Life cycle of Early Ordovician acritarch species
2003 (English)Conference paper (Other (popular scientific, debate etc.))
Acritarchs are marine planktonic autotrophic protistans of heterogeneous origins. Their diversification into many morphotypes occurred throughout Neoproterozic and Early Palaeozoic; some morphotypes represent green algal classes but most are of unknown biological affinities. Palaeobiology and relationships to extant microbiota of some acritarchs, with emphasis on their life cycle, reproduction and environmental adaptations, may be inferred from phonetic morphological features and cell wall ultrastucture. Microfossils from the Cambrian-Ordovician of China are studied to reveal the wall ultrastructure of vegetative cells and dormant/reproductive cysts, the structural complexity of early eukaryotic cytoskeleton, and to recognize by morphological and ultrastructural means the relationships between various phenotypes. Acritarchs are considered to be preservable cysts of unicellular algae. The new discovery of the entire organism consisting of vegetative envelope and internal cyst shows that some taxa indeed represent the dormant/reproductive cysts whereas other may represent vegetative cells in their complex life cycle. Formation of the cyst, the excystment structure (pylome) and change of the generations (sexual and asexual) in the life cycle of unicellular microbiota may shed light on the development of the early adaptations to survive ecological crises events and as a competitive advantage in increasingly complex marine ecosystems.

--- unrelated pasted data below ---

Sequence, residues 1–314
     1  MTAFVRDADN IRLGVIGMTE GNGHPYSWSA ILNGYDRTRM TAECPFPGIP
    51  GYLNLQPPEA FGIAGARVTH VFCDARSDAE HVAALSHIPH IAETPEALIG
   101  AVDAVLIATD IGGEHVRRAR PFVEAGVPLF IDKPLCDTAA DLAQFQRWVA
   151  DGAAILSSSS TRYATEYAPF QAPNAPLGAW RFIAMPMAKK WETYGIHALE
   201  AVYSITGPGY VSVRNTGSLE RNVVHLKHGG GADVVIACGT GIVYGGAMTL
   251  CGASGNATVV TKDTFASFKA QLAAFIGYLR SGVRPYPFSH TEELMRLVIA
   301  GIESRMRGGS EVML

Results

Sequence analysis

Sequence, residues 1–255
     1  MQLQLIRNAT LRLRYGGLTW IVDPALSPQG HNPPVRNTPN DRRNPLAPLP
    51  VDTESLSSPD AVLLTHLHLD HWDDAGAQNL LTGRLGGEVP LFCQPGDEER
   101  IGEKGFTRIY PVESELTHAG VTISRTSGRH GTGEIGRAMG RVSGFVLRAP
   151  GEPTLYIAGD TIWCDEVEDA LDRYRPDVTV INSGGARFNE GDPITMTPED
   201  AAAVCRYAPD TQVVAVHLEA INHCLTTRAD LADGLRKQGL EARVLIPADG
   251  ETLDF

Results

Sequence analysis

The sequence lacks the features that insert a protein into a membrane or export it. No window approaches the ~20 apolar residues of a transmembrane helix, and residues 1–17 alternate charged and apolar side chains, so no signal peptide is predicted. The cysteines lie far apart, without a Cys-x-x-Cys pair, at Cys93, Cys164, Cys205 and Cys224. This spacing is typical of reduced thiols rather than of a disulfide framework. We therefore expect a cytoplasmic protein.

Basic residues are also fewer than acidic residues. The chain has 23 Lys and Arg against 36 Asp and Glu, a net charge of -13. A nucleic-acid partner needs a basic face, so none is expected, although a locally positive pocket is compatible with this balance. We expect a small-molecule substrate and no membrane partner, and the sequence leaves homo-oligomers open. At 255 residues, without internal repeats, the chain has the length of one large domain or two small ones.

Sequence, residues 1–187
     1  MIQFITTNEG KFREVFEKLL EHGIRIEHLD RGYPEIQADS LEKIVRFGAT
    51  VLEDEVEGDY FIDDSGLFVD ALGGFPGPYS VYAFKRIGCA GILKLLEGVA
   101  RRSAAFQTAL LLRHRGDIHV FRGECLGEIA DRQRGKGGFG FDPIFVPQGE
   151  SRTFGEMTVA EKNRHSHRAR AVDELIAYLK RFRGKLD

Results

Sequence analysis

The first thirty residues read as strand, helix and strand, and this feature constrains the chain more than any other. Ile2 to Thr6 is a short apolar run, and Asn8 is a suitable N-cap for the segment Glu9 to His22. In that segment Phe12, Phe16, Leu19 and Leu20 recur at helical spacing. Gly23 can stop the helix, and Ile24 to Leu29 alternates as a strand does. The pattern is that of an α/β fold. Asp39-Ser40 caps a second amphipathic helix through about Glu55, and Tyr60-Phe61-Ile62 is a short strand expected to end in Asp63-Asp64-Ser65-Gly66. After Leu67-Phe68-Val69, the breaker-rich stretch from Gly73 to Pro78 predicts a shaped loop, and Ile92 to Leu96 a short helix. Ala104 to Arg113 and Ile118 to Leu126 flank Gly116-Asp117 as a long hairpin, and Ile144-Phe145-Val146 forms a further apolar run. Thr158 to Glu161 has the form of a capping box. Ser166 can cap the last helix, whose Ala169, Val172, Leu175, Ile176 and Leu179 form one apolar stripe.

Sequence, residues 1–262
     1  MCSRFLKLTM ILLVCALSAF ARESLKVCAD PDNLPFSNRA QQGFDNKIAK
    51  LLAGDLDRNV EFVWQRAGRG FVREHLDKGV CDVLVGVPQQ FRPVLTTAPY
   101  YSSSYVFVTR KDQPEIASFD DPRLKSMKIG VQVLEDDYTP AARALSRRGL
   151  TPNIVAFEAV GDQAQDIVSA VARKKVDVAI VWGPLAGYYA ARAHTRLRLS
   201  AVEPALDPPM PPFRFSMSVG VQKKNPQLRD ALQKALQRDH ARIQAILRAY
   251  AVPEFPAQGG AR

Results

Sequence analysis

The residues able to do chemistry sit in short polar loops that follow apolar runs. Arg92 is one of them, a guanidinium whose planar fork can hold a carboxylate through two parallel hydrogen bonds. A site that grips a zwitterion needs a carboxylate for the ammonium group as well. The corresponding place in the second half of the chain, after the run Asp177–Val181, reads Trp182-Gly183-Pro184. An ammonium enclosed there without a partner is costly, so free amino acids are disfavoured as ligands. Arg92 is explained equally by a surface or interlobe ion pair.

Place, publisher, year, edition, pages
acritarch; life cycle; China
Earth and Related Environmental Sciences
IdentifiersURN: urn:nbn:se:uu:diva-74332OAI: oai:DiVA.org:uu-74332DiVA: diva2:102242